A former beauty queen, Giusepina Baafi, is on a list of scholarship beneficiaries obtained by the Fourth Estate in response to a Right to Information request.

Miss Baafi, who won the Miss Ghana pageant in 2013, was given €18,500 as stipend to study for her Master’s at the Schellhammer Business School in Spain.

She got the award six years after she won the coveted crown, which would later be a subject of controversy, leading to her resignation.

Also on the list are Sidney Osei-Owusu, Kieve Kuuku Kittoe and Abednego Mathias Bonir. They received multiple scholarships.

Sdney Osei-Owusu received £28,330 in 2019 to cover his living expenses and tuition for an MSc degree in Management at the Brunel University in London. In 2020, the secretariat again paid GBP15,750 for his MBA at the University of the West of England.

For Kieve Kuuku Kittoe, he got US$ 38,475 for an MA in Design Management at Savanna College in the United States in 2019. The following year, Mr Kittoe also received GBP14,500 for an MA in Visual Communication at the University of Derby in the United Kingdom.

Mathias Abednego Bonir received a total of 81,948.46 Canadian dollars (CAD) — the equivalent of GHS807,192 (based on today’s exchange rate of GHS9.85) for a post-graduate certificate in Project Management in 2019, as well as Human Resource Management in 2020. He attended the Georgian College in Canada.

The Secretariat spent CAD16,441.13 on his tuition in 2019 and CAD17,507.33 in 2020. He received CAD2,000 as stipend monthly in the course of his studies.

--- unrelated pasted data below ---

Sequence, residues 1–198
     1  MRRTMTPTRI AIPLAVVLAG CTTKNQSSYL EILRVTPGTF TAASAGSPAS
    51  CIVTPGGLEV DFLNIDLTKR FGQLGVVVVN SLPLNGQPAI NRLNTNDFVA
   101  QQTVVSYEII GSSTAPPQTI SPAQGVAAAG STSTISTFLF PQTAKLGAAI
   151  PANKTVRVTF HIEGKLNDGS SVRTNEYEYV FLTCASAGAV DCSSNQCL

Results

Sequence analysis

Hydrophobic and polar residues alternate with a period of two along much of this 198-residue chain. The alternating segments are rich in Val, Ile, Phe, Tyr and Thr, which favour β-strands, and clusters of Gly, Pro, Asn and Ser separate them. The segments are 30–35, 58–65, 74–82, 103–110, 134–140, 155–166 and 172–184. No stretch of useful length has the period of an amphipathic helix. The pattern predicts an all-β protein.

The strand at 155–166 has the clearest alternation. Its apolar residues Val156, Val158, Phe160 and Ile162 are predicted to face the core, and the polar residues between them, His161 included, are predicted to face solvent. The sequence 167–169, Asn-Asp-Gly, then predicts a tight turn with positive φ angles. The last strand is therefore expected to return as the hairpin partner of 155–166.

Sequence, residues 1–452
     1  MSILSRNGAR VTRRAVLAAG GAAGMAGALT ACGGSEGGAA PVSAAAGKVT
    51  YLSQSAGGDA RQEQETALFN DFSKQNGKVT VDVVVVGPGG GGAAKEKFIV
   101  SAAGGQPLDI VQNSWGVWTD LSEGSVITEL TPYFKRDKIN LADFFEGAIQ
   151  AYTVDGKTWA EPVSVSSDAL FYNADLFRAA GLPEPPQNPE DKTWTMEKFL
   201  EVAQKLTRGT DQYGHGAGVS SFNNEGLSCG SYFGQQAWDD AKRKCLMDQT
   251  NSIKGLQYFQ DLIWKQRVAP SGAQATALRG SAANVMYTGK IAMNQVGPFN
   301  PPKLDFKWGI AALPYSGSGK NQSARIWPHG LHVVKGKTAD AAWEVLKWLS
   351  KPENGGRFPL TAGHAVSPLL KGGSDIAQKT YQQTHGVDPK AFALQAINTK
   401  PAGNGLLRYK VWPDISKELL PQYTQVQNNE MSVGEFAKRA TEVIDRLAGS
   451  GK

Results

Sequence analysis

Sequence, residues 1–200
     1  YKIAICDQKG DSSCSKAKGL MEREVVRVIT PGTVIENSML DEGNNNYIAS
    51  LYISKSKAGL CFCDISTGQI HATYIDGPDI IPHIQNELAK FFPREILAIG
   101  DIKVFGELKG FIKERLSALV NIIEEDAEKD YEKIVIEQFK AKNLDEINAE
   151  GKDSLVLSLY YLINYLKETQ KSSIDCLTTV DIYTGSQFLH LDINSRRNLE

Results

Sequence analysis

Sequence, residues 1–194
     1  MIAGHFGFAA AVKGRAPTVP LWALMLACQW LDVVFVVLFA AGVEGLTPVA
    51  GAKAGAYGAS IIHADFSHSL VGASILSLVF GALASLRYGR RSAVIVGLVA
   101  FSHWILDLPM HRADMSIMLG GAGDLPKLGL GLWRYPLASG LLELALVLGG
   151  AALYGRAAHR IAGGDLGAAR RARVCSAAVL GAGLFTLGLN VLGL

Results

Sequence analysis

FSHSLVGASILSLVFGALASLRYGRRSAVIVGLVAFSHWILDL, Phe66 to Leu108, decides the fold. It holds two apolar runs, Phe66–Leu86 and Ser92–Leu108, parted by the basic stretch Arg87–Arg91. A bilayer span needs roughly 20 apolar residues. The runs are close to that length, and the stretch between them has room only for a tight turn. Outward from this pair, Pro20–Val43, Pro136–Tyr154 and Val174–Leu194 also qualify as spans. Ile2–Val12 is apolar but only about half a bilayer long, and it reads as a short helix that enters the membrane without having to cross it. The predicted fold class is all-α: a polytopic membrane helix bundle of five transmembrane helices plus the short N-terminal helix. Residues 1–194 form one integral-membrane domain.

His stipend alone amounted to GHS19,700.00 monthly. This amount is more than sufficient to cover the full tuition (GHS17,696) for a Master of Science in Project Management at the University of Professional Studies, Accra (UPSA).

Mr Bonir’s stipend could almost have covered the total fees (GHS20,423) for a Master of Science in Project Management at the Kwame Nkrumah University of Science and Technology (KNUST).

His total fees and stipend for the two programmes he pursued would have been adequate to cover the fees of 45 M.Sc. Project Management students at UPSA and 39 at KNUST.

Apart from these beneficiaries, The Fourth Estate’s investigations revealed the funnelling of scholarship funds to influential people, as well as children, relatives and associates of powerful figures at the expense of the brilliant but underprivileged.

The Fourth Estate conducted an analysis of the data, specifically focusing on scholarships funded by the government of Ghana. This analysis included a breakdown of the expenditures on scholarship recipients in various countries, details of the programmes pursued by the beneficiaries and their backgrounds.

From our analysis, in 2019-2020, the Scholarship Secretariat spent at least 291,480 pounds sterling (GBP), 146,502 US dollars (USD) and 7,685 Canadian dollars (CAD) respectively on influential individuals and the associates of the political elite.

According to the Secretariat, it disbursed GHS237.5 million in 2019 and GHS200 million in 2020.

In the last few days, The Fourth Estate has been publishing a series of reports highlighting some grave anomalies in Ghana’s scholarships system where, for example, a good chunk of available funding had gone to people connected to the political and social elite.

The Fourth Estate provides below the second part of the list of government of Ghana scholarships beneficiaries for the years 2019 and 2020: